Thirsty Fellow owner Willie Durkin opened his pizzeria and pub after selling his bar in Five Points. He said he spent over $300,000 of personal money to jump start his business venture.
After 19 years of experience as a safety engineer at Honda, Richard Joye decided to take $16,000 from a voluntary severance package to start his business, The Safety Institute of America, training safety professionals.
David Brought decided last June to revamp the tour bus company, Southern Connection Tours, despite the poor economy.
Joel Stevenson, executive director at USC Columbia Technology Incubator, said other than the obvious financial needs, a small business owner needs dedication and passion to succeed.
By Liz Segrist & Jamie Lynn Black Edited by Henry W. DeHart Posted on April 1, 2010
S.C. small-business owners are investing their own money to start businesses or to keep them afloat, regardless of economic woes.
Richard Joye has been using his family's savings to pay the bills since leaving his position as a safety engineer at the Timmonsville Honda plant in October 2008. At that time, Joye decided to take a $16,000 voluntary severance package to start his own business after 19 years of experience in the field.
Joye, who saves money by operating his safety training business out of his Lexington home, is now $10,000 in the hole. But he plans to continue investing his own money in the venture.
"I get up every day and think I might not make it," Joye said of his business, The Safety Institute of America. However, his training classes are beginning to fill up and he says potential with his company is unlimited.
Joye is not alone in his struggle to get his business off the ground. Small businesses need to finance initial or improvement costs, but banks don't usually risk loaning to new businesses, regardless of the economic situation, said Joel Stevenson, the executive director at USC Columbia Technology Incubator. Small business owners still have to take on the entrepreneurial risks.
It's risky but common to use personal finances to keep a business going until it is making a profit, but a lack of discipline can be disastrous, said Jim Gambrell, Columbia's economic development director.
Despite the poor economy, more people in Columbia have been interested in starting businesses in recent months, Stevenson said.
"Their company has been downsized, and so necessity becomes the mother of invention," Stevenson said.
In 2008, there were around 500 more small businesses in S.C., according to the Small Business Administration's statistics. Those statistics, the most recent available, showed:
Stevenson, who has owned four businesses, said most important to a new business's success is the passion of the business owner. Stevenson said successful entrepreneurs are willing to, "pay the price and put up with the pain." They must be willing to put in the time and effort to make their business a success, he said.
Joye, a former firefighter and EMT, did just that by turning his passion into a business.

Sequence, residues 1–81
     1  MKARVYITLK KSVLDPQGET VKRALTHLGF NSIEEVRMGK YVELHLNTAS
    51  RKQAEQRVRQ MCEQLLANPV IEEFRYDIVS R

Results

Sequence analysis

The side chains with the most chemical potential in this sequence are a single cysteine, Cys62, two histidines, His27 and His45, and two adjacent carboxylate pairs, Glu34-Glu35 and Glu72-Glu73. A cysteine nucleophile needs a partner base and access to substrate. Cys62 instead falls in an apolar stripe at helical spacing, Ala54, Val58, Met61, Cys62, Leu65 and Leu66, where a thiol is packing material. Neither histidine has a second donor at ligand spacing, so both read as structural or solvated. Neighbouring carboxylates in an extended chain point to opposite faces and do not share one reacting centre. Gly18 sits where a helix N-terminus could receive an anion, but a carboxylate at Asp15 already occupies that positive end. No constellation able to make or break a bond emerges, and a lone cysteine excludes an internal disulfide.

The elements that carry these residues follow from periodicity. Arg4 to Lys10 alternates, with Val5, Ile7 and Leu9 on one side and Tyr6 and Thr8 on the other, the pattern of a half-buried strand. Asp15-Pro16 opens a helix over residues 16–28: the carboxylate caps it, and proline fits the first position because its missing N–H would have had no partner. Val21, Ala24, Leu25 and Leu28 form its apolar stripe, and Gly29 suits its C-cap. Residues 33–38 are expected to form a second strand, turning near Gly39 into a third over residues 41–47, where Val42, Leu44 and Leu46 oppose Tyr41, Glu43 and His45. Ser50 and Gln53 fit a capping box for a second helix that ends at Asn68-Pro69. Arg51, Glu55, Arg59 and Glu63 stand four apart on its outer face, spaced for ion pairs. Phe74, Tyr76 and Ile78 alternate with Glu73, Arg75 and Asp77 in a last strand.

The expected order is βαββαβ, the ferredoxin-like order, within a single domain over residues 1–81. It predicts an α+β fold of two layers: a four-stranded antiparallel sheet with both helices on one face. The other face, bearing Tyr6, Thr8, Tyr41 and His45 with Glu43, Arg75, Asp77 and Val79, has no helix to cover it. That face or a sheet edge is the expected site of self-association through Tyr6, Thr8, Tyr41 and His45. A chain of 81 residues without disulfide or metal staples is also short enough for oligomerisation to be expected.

"I want to keep people from ending up in the obituaries," Joye, 40, said of the safety training classes he offers to S.C. companies like Pontiac Foods in Elgin and Kapstone Paper in Charleston. He has also worked with Baker's Bay Golf and Ocean Club, located in The Bahamas.
But turning your passion into a business is a financial risk. Owners often take out personal loans and credit cards and use personal savings as collateral.
Willie Durkin took this type of risk when he sold his bar, Durkin's, in Five Points to open Thirsty Fellow, a pizzeria at 621 Gadsden St., near Colonial Life Arena.
Although the economy was looking bleak, Durkin decided to make the risky business move. Feeling as though he was "dying a slow death" in Five Points, he decided to move to an area more likely to attract the kind of clientele he was looking for.
Durkin did not let the rocky economy affect his business decisions.
"We could have been easily out of this recession by the time we opened," he said.
Durkin did not try to take out a loan for the business. He invested over $300,000 of his own money into the restaurant from the sale of his business, personal loans and personal credit cards.
He has a lot more invested in the business than just money. "My last day off was December 20," Durkin said.
"Most businesses don't fail because the person is a bad mechanic or whatever," Cooper said. "Most businesses fail because people don't understand the business side of it."
One local entrepreneur is conscious of the business side while he tries to revamp the struggling, 14-year-old bus business, Southern Connection Tours Inc. David Brought, a 51-year-old Columbia resident, bought the business last June and has since spent many hours calling people to promote the company's improvements.
"You have to talk to people to get your name out there in this business," Brought said.
Brought saw this "sleeping giant" as a challenge and has spent $500,000 of his own assets. Despite the poor economy, he has been able to turn the company around somewhat and said he's not worried about the business at all.
Business for Southern Connection Tours Inc. was up 53 percent and 34 percent in the third and fourth quarters, respectively, in 2009, Brought said.
Financial sacrifices for the sake of a new business can cause some personal cutbacks.
For example, Durkin, a 50-year-old Main Street resident, says he has cut back on buying anything that's not a necessity.
"I am certainly trying to prepare for retirement even though this has thrown a huge curve ball in my financial situation. This is a huge bet, a huge risk, a huge gamble," Durkin said. "You have to watch every dollar because the money is just not coming in like it used to and it may never."